Student groups join to rally behind unions

Last week, the Student Labor Action Project, along with other organizations, organized a rally to show their support for employee unions and demand transparency from President Ann Weaver Hart.

As the conflict between Temple management and union employees continues, members of the Student Labor Action Project are demanding to know about and have a say in the affairs of their school.

A petition circulated last week by members of SLAP demanded that Temple President Ann Weaver Hart hold a public forum on the current state of labor relations at the school.

“We just want transparency,” said Wes Weaver, a junior photography and urban studies major and SLAP leader. “The concern is that the way labor relations are going now is not healthy. They’re overlooking the students.”

A major source of the conflict is that two of the unions working in the school have not been able to work out a contract with the school’s management. One union, the Temple Association of University Professionals, has accused Temple of violating state labor laws through the use of anti-union tactics in negotiations.

“I’m discomforted to know that students don’t know what’s going on on-campus,” said Temple College Democrats President Elizabeth Hanson through a megaphone from the top of the Bell Tower’s steps. “We need this information to be the engaged, active students that we’d hope they’d want us to be.”

Another issue of concern to the students involves AlliedBarton security guards’ paid sick days. Weaver, who has campaigned with SLAP on behalf of the security company since 2007, said it is a common policy for security guards to receive only one paid sick day per year when upon hire they were led to believe they would receive more.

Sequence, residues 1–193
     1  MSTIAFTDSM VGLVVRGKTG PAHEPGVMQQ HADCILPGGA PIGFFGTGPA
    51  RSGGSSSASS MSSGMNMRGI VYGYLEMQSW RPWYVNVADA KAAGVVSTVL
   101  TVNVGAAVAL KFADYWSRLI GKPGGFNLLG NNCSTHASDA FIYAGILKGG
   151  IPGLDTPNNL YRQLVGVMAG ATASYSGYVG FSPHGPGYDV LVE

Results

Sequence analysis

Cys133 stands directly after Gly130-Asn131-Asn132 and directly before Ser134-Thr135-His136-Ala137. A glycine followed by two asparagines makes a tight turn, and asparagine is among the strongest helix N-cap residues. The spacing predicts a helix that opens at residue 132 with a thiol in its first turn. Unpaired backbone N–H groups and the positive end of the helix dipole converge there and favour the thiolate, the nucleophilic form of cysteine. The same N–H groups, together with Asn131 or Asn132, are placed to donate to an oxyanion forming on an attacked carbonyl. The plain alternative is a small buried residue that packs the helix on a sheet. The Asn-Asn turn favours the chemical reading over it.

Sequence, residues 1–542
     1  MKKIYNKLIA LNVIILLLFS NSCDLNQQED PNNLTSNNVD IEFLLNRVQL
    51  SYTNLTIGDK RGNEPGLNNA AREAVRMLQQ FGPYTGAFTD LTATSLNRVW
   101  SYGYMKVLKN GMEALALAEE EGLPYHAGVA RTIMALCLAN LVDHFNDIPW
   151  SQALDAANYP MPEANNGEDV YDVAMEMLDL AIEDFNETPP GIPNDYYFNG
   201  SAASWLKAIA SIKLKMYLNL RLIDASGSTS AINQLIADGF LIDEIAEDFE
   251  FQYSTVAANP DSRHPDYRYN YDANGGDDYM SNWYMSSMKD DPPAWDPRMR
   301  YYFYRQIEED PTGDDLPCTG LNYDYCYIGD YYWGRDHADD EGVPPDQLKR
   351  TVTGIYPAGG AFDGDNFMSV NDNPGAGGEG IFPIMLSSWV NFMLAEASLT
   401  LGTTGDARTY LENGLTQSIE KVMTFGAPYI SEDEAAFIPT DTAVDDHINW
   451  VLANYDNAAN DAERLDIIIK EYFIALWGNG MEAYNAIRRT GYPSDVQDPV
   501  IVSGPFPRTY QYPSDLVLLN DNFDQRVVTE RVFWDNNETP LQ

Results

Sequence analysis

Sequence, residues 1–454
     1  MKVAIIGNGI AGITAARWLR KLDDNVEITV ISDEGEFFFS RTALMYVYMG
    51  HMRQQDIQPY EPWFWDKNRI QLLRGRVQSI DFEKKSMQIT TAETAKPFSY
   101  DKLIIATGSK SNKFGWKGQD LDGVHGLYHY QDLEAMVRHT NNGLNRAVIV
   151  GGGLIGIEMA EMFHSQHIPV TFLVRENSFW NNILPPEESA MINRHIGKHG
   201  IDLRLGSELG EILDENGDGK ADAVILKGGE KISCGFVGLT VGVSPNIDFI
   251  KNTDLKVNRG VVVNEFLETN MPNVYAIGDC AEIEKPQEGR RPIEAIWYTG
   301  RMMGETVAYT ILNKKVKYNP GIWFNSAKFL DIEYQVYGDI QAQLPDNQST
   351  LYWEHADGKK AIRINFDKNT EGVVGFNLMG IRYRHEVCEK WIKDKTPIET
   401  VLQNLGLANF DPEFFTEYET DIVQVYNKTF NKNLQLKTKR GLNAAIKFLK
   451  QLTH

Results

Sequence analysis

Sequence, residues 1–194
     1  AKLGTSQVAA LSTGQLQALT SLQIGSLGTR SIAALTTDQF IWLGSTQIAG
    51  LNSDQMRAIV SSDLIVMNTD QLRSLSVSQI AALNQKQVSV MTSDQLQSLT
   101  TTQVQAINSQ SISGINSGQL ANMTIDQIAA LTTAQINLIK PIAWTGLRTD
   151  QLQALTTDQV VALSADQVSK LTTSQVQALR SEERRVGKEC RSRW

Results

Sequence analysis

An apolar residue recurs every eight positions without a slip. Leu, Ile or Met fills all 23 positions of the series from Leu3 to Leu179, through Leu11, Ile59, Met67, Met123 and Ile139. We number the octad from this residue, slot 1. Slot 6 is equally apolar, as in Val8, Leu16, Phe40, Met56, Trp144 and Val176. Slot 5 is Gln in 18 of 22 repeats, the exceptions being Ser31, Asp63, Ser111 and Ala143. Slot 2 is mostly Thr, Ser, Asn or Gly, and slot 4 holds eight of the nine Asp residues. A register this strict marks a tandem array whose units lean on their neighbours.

The students’ petition, along with letters written by members of the Temple College Democrats, the Pennsylvania Students Education Association and SLAP, were brought to the office of President Hart Wednesday afternoon after a rally at the Bell Tower.

The rally was predominantly attended by students from the coalition of organizations in support of the unions. Approximately 40 people rallied. Many were carrying signs, some of which depicted a pink elephant, symbolic of the problem of poor labor relations at the school, the students said.

But it was the lack of transparency in the school’s actions that inspired many of the speakers the most.

Temple Student Government Senate President Jeff Dempsey gave a brief speech to the crowd at the rally reiterating the call for more student involvement in the schools affairs.

“Communication is not a luxury, it’s a necessity,” he said.

Corey Gochenaur, a junior secondary education major and member of PSEA, said he was concerned that without stable labor relations within this school or others his future livelihood, and that of other aspiring teachers, is threatened.

After the speeches at the Bell Tower the students and other supporters marched to the front of Sullivan Hall, where the petition and letters were given to University Counsel and Senior Vice President George E. Moore, who assured that they would be delivered to Hart, Weaver said.

“We just want to have an open forum,” said Weaver, long after the day’s events ended.

Tim McCullough can be reached at

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